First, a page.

first_imgTelling stories — it’s a form of communication we’ve been perfecting for millennia. But according to new Harvard research, storytellers still need to work on striking a balance between old and new or risk losing their audience.A paper recently published in Psychological Science finds that although people most enjoy telling a new story, what listeners really seem to crave is something familiar. Speakers are eager to captivate their listeners and think a new story is the best way to entertain, the research notes. But the study also found that speakers telling original stories are often assessed a “novelty penalty” by listeners who find it hard to follow the new information.“It struck me that we always try to add these novel stories to conversations, and then it doesn’t go over as well as we think and then conversations kind of naturally drift back towards talking about familiar things or things that we have in common with other people,” said lead author and Ph.D. student in Harvard’s Graduate School of Arts and Sciences Gus Cooney, who wrote the paper with happiness guru Daniel Gilbert, Harvard’s Edgar Pierce Professor of Psychology, and Timothy D. Wilson, a University of Virginia social psychologist.Long fascinated with how we communicate, Cooney said his own storytelling experiences, along with countless conversations through the years, inspired him to explore the notion that while “speakers may think listeners will be delighted by novel stories, familiar stories might actually delight listeners much more.”To test the hypothesis, Cooney and his team recruited 90 Harvard undergrads for a series of studies. In their lab they designated half of the participants speakers while the other half were assigned to the listening camp. As part of the experiments the listeners watched one video, while the speakers separately watched the same or a different video. The speakers were then asked to tell the listeners a story about the video the speakers themselves had watched. Before telling their stories, researchers asked the speakers to predict whether the listeners would enjoy hearing more about the familiar or unfamiliar video.“I think our imaginations can often fail us if we’ve never [experienced something] ourselves,” says lead author Gus Cooney. “Imagination is great, but it also has its limits.” Courtesy of Gus Cooney“The speakers thought listeners would enjoy hearing about a novel story,” said Cooney. “In fact, listeners enjoyed the familiar story much more.”What accounts for the discrepancy? When deciding what to tell others, storytellers face a delicate balancing act, said Cooney. They want to interest their listeners and offer them as much novel information as possible, but they also want to be careful not to confuse them along the way. “It’s a hard thing to negotiate,” Cooney said.Interestingly, the audience initially got it wrong, too. Asked in advance, listeners expected to prefer a story about the video they hadn’t seen. Yet the study’s results showed that they favored the familiar.According to Cooney, the explanation involves missing information.With a familiar tale listeners can use their own experience to insert key pieces of the story the speaker may have left out. With a new story, the listener doesn’t have that reservoir of knowledge to rely on if the speaker happens to omit something important from the narrative.“In our study, when both parties had viewed the same video, if the speaker made a mistake about something in their story, the listener could just fill in the information since they had seen the same video,” Cooney said. “But when the listener hadn’t watched the same video and didn’t have that necessary background knowledge, it was very easy for them to get confused.”Fortunately, Cooney isn’t worried that his research points to a general lack of listener imagination, but rather difficulty keeping up.“If I am telling you a story about Turkey or Thailand you may start to imagine it, but as the story goes on I start introducing new characters and new places and things that I’ve done, I think our imaginations can often fail us if we’ve never been to those places ourselves,” he said. “Imagination is great, but it also has its limits.”What’s Cooney’s biggest takeaway from the findings? When telling a story, speakers should aim for clarity over cutting edge.“Obviously I would never want to say that we shouldn’t tell people novel stories,” said Cooney. The trick, he said, is to balance being interesting with being understood. “Basically we should err more on the side of not trying to confuse our listeners rather than always trying to delight them and interest them with novel information.”last_img read more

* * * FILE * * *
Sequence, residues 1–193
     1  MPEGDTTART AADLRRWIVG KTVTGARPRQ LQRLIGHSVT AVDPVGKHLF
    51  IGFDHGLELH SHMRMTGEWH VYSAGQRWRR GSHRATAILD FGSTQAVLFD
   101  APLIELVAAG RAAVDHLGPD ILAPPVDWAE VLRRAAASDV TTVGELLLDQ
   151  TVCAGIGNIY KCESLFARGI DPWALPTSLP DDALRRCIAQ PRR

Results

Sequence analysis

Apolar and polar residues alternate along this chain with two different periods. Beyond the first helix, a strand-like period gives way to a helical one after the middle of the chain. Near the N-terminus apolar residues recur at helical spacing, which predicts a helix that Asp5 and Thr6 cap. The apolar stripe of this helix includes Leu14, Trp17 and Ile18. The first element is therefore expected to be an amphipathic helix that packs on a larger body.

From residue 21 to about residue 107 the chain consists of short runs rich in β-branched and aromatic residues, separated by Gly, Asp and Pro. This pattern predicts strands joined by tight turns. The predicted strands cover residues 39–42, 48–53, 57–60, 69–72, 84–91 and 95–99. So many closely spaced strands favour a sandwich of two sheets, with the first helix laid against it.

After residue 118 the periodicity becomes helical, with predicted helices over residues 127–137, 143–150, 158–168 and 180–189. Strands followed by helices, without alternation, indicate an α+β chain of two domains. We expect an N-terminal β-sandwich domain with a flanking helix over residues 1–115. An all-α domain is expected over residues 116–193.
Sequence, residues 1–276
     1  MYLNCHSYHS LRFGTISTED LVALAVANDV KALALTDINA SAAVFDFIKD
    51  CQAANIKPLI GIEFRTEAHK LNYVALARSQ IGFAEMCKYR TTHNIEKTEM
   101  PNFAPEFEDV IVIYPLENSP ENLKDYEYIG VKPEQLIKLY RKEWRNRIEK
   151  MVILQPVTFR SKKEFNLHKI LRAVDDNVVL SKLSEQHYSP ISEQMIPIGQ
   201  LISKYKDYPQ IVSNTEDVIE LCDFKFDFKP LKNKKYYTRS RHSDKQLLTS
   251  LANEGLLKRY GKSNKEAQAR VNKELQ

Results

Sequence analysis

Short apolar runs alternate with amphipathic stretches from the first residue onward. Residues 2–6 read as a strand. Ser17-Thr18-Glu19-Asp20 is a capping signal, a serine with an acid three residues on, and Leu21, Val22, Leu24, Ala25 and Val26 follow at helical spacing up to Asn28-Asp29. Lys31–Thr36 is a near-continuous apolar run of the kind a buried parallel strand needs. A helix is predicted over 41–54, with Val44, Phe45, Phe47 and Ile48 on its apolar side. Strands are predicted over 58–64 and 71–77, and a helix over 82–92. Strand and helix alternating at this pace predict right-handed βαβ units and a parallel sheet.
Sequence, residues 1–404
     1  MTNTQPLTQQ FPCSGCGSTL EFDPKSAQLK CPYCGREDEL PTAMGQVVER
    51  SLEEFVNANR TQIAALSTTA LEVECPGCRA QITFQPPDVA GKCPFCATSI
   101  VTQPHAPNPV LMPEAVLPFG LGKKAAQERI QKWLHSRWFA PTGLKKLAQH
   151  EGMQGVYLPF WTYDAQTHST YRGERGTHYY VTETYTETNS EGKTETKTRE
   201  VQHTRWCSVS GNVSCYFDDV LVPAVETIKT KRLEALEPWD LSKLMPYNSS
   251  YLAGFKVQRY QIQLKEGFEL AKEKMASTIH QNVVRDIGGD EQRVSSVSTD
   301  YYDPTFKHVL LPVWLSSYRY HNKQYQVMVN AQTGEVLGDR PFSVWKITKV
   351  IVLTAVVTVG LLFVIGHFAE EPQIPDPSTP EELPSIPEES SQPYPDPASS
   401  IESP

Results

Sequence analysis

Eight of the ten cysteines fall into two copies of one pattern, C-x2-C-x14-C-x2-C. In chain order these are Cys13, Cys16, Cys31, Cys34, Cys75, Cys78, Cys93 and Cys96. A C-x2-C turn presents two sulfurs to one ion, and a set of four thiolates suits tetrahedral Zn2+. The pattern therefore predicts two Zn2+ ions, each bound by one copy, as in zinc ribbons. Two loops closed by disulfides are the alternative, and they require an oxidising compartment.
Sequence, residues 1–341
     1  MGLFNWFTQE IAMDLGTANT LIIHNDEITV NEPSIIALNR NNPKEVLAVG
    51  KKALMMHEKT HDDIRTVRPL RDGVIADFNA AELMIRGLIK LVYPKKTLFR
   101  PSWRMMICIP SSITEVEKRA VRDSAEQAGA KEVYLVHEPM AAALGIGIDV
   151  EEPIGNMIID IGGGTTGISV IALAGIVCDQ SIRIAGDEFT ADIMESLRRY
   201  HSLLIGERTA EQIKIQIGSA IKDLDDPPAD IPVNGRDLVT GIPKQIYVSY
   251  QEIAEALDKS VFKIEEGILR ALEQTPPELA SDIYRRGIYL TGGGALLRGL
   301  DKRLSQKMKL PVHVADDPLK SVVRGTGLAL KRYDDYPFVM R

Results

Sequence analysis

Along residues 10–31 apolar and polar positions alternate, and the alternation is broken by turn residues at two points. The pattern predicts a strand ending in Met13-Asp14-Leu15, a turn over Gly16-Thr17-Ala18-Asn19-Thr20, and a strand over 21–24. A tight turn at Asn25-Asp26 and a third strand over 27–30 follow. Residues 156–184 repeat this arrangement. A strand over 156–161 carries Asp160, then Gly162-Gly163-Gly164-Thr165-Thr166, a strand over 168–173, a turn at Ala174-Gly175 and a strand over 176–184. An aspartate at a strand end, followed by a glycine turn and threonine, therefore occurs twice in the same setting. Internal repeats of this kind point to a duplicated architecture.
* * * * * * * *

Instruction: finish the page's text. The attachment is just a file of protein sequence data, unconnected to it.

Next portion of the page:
• Notre Dame students select 1993 photograph as newest addition to Snite collection

    first_imgEmma Farnan | The Observer The Snite Museum unveiled a new addition to its permanent collection on Tuesday. The Judith Joy Ross photo was chosen by a group of students as part of PhotoFutures.Bridget Hoyt, curator of education for academic programs at the Snite, said PhotoFutures is responsible for selecting a photograph that “addresses a theme that adds value to the permanent collection of the Snite Museum, that is a good and important aesthetic object and that also supports the mission of the University.”“So [the photograph] doesn’t just belong in an art museum, but it belongs in this art museum,” Hoyt said.The photograph chosen was “Randy Sartori, 1st Grade, Mrs. Starkey’s Class, A.D. Thomas Elementary School, Hazleton, Pennsylvania” taken in 1993 by photographer Judith Joy Ross.Sumner said members of the committee decided to choose the photograph in part because they felt many Americans could relate to it.“The main reason that we chose this [photograph] is that we felt that it was just universal,” Sumner said. “So if you look at it, you can kind of see yourself in this boy. I think that a huge mundane aspect of education is that sometimes we are disengaged from what we’re learning. And it’s important to realize that and try to improve that within the American education system.”The students considered photographs from several different eras, starting in the 1800s through the Civil Rights Movement, and finally landed on a piece that is a bit more contemporary.“We wanted the focus to be on education itself and not on some movement itself, like the Civil Rights Movement or the Public Works projects that were going on in the 1800s,” Harper said. ”We really wanted the focus to be on a classroom and the students within the classroom.”The unveiling ceremony took place Tuesday evening at the Snite. A crowd gathered around to see the acquisition that will now be a permanent piece in the museum.“When you look at the photo, you’re at the level of Randy,” Patrick said. “You’re looking in his eyes, and you can place yourself in his shoes and the experience in that classroom. There’s something so momentary, like you’re capturing him in this moment of being in the classroom, being in that space. We thought it was really powerful and moving and made it so visually compelling and important to add to our collection.”Each member of the group reflected on a different aspect of the piece, but all were pleased with the final selection.“It’s a real joy that the museum can participate in something that’s innovative and something that’s important—and because it’s coming into a permanent collection—something that’s lasting,” Snite Museum director Joe Becherer said.Tags: Judith Joy Ross, PhotoFutures, Snite Museum Museums are places of ideas, and the students of PhotoFutures 2019 had specific ideas in mind when choosing the new photograph for the Snite Museum’s permanent collection.The photograph added to the Snite’s collection was chosen by a group of Notre Dame students. Throughout the fall semester, members of PhotoFutures — senior Sarah Harper, sophomores Abigail Patrick and Claire Stein, junior Cameron Sumner and senior exchange student Stanley Ying — focused on helping choose a photograph in line with the theme “American education.” (Editor’s Note: Patrick is a Viewpoint copy editor for The Observer.)last_img read more